How to Propagate Peonies

Propagating your own peonies can be fun!

Tree peonies are usually propagated by grafting while herbaceous and Itoh peonies are usually propagated by root division. New peonies come from seed.

Peonies do not come true from seed (the only exception being large populations of species peonies that are isolated from other peonies) so each seedling is something new.

If you wish to multiply one of your prized herbaceous peonies your only real option is to divide it, or graft it if it is a tree peony.

If you are looking to create new varieties of peonies you will need to germinate seeds to find out what has been created.

The techniques below are the ones I use on my own peonies.

Crown Division

Crown division is the technique most used to propagate herbaceous and Itoh peonies. It should be done only in the early fall. The technique is as follows:

  • In late August, early September cut down foliage of peony to be divided.
  • If ground is very dry, water the plant the day before dividing.
  • Dig plant up with a strong spade, taking as much of the root system as possible and being careful not to damage the crown.
  • Wash soil from roots with a strong jet of water.

Peony root system

  • Leave cleaned root system in the shade for several hours to soften it (this makes it less brittle and gives you more precision when cutting).
  • Examine the plant carefully and plan your cuts.
  • Each division must have at least one visible crown bud to grow. It is best however to have at least 3 buds per division.
  • With a clean, strong knife and working on a rough work bench, make your first cut through the top of the crown being careful to cut down toward the work bench and away from yourself.
  • If the plant has long tuberous roots it may make the process easier if the roots are trimmed back to between 6-8 inches from the crown.

Peony root division

  • Continue to divide the plant until you have the desired number of divisions.

The new divisions can be stored in peat moss filled bags for several days as long as they are not subject to large swings in temperature.

The new divisions should be planted out in a suitable location, ensuring that the crown buds are no more than 2 inches below ground. See page on How to Grow for detailed planting instructions.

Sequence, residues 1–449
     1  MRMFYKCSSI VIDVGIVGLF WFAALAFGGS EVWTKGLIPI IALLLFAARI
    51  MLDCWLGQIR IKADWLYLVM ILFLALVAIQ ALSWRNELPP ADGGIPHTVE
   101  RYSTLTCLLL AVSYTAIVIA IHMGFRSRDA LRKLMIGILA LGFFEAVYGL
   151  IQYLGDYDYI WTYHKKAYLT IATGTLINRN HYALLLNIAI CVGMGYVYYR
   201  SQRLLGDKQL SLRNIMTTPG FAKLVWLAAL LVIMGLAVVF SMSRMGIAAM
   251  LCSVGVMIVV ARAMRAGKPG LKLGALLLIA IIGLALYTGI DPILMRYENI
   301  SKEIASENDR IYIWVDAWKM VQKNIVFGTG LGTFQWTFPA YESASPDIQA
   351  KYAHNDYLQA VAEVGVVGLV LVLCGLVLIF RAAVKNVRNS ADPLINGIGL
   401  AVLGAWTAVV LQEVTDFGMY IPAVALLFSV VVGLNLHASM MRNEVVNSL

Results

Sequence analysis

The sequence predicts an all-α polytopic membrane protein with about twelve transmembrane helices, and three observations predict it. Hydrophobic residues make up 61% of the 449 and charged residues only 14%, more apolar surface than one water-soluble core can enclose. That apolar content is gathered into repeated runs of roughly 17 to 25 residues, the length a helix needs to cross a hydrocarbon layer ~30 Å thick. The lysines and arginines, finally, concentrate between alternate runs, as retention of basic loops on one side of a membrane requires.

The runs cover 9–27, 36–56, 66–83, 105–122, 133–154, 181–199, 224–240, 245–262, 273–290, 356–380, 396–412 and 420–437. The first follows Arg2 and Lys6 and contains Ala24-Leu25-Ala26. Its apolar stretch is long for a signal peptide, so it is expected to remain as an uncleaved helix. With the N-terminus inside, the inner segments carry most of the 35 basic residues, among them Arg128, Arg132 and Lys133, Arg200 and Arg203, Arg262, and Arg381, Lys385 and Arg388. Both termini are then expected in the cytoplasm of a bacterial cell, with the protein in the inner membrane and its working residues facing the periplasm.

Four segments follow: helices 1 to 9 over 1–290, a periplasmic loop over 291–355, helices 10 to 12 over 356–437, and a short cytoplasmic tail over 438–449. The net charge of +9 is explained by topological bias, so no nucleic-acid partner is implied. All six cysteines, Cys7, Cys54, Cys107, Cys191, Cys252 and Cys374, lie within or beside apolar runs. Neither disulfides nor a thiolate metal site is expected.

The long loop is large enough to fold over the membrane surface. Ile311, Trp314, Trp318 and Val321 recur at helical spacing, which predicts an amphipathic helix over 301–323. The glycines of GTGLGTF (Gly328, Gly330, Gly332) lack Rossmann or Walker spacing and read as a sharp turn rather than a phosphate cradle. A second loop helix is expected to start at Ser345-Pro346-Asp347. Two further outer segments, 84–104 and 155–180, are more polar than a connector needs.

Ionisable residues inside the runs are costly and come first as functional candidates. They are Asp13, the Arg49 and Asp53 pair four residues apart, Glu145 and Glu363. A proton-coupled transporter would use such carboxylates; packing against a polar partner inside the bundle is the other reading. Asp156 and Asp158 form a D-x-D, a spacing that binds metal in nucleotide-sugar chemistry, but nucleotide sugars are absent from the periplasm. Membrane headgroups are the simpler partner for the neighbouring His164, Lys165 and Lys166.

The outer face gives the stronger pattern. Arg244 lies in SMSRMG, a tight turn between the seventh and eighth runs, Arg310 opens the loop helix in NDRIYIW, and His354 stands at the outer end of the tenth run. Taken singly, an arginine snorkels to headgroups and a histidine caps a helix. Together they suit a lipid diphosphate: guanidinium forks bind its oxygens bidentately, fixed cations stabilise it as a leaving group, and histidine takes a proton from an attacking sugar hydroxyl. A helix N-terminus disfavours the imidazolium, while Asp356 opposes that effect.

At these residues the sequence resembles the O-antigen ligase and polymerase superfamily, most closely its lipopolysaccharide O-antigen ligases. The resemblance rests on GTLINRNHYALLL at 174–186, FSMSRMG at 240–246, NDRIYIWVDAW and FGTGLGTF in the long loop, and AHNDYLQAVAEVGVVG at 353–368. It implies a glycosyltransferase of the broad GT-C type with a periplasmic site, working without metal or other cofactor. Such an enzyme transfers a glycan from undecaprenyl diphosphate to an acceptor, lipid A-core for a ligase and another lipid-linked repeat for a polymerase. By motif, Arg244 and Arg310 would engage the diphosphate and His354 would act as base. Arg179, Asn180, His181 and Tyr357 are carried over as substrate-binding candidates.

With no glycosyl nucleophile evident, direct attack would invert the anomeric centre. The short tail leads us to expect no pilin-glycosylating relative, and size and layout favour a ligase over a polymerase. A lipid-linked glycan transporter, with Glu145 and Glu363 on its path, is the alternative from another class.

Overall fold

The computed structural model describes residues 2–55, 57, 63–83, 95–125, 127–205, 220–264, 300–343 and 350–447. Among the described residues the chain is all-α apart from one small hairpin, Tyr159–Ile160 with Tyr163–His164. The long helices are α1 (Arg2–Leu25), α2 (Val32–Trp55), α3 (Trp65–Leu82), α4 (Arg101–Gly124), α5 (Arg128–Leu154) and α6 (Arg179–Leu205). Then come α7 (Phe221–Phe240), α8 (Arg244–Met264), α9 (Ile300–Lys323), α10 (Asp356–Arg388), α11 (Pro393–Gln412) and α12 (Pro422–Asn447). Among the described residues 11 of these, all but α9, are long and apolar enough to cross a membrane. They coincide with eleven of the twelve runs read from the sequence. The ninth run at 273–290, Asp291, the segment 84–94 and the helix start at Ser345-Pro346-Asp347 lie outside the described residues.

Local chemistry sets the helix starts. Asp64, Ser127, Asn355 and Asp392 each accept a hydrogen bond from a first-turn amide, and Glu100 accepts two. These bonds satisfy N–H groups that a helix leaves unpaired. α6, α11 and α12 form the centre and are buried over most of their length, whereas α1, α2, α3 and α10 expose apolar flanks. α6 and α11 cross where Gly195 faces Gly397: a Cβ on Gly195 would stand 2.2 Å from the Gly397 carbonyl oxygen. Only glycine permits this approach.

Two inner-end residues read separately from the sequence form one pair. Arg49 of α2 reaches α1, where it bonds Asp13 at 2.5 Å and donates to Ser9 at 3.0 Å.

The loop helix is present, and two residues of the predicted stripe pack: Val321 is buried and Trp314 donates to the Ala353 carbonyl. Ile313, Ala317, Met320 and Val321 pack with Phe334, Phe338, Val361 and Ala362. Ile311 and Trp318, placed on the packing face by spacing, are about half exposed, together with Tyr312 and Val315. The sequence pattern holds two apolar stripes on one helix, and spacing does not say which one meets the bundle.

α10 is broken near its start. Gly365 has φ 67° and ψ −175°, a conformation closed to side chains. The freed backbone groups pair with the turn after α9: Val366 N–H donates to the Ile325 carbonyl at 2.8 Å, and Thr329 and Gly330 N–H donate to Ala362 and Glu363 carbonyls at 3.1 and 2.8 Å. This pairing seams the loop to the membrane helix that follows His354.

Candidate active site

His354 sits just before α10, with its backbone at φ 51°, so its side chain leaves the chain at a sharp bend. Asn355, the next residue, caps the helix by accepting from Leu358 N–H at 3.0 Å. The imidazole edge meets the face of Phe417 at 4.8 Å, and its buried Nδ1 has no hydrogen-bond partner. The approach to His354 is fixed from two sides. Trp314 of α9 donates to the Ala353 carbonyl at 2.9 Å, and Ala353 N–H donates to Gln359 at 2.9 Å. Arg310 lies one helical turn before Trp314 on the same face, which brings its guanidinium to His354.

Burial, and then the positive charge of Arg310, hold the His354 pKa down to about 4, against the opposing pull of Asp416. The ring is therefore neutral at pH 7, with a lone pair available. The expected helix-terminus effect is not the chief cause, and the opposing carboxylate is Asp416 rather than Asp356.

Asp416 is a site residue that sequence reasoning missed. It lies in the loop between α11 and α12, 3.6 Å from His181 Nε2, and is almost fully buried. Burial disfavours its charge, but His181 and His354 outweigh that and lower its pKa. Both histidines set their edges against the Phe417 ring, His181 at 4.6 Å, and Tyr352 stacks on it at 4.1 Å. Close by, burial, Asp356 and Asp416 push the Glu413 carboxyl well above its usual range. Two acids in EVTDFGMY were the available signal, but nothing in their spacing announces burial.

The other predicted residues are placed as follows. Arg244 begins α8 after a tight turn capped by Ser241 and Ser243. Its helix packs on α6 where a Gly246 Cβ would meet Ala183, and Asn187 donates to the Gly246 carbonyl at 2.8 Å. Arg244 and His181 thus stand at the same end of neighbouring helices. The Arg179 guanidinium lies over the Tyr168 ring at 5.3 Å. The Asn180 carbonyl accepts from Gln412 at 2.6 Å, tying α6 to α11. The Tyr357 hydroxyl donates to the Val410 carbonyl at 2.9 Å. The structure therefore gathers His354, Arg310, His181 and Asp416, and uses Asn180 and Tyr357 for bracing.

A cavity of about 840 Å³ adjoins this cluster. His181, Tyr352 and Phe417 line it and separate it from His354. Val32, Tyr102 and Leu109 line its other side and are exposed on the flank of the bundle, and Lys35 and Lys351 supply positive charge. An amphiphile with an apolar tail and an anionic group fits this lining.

Germinating Seeds

Many desirable peonies are infertile meaning that they do not produce pollen or seeds. Many of the large double peonies fit this class. However if these large flower buds are removed the peony will often produce small single flowers which can often produce pollen and seeds.

Growing new plants from seeds is the only way a peony breeder can develop new varieties and it’s also an interesting challenge.

The popular cultivars of yesterday and today do not come true from seed.

Germinating peony seeds (herbaceous or tree) is a must for anyone interested in breeding peonies. It can also be a rather interesting exercise because of the double dormancy of peony seed.

  • Collect the seeds as soon as the pods begin to open (The harder the outer shell, the longer the first dormancy period).

Peony seed pod

  • Place them in a sealed plastic bag with some barely moist vermiculite or soil-less germination mix.
  • Place the sealed bags in a warm area of the house (not in the sun) and check them every week to see if the root has emerged and ensure they are still moist (but not wet!).
  • Leave them in the warmth until the roots appear. This can take anywhere from a few weeks to several months.
  • Once the roots appear and are about 2.5 cm or 1 inch in length, move the bag to a cool location. The temperature should be around 40 degrees F. (I put them in an old refrigerator in my basement.)

Rooted seed

  • Leave them in the cold for about 10-12 weeks.
  • Check them regularly to see if the shoot has appeared.

Rooted seedling

  • If it has, remove them immediately and pot them up in a soil less germination mix.
  • Otherwise, after 12 weeks remove the partially germinated seeds and pot them as above.
  • Depending on the time of year, you may have to grow them under lights for a few months before being able to transfer outside.
  • Keep them under strong grow lights and keep them moist but not soggy. Over watering will kill the seedlings.
  • Transfer them outside slowly as you would any other tender seedling They should however be outside in a seed bed by late summer.

Be prepared to wait several years, perhaps 5 or more, before seeing any flowers The first flowers are not always indicative of a plant’s potential. It may well be 7 years before a mature, stable flower is obtained.

Seeds can also be sown directly in the ground where natural temperature cycles provide the conditions for dormancy and growth. When sown directly it is possible to wait until the second spring before the shoot appears. This is brought about by a mature seed with a hard seed coat not having enough time in the fall to overcome the first dormancy and send out a root.

The seed hence sits in the soil until the following spring, which brings the warm moist conditions required to break the first dormancy. As the summer draws to a close a root will be produced. The seed over winters again to overcome the second dormancy before producing a shoot the following spring.


This is by far the most used method today to propagate tree peonies. It is not particularly difficult but takes a bit of practice to get right. Essentially a small sections of tree peony branch is grafted onto a section of herbaceous peony root. The herbaceous root serves as a nurse root until the tree peony produces its own root system.

The Canadian Peony Society offers a video that describes in detail the techniques used to graft tree peonies.